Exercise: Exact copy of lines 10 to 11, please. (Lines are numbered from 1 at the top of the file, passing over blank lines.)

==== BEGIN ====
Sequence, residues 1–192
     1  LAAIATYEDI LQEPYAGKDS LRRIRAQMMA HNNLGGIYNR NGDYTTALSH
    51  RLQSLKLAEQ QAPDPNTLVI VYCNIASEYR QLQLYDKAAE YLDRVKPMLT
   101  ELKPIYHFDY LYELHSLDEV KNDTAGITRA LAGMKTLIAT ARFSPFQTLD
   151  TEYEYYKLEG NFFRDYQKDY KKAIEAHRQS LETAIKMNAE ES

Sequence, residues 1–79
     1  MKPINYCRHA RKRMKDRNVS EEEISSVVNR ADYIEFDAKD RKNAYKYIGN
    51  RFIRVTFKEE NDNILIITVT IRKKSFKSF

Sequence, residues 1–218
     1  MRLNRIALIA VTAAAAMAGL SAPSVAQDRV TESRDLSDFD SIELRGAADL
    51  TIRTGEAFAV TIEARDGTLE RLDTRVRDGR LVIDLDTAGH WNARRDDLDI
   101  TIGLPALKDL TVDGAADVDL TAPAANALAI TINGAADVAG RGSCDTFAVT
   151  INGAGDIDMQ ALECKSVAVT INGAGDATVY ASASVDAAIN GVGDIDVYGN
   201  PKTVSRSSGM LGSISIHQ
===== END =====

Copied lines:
     1  MRLNRIALIA VTAAAAMAGL SAPSVAQDRV TESRDLSDFD SIELRGAADL
    51  TIRTGEAFAV TIEARDGTLE RLDTRVRDGR LVIDLDTAGH WNARRDDLDI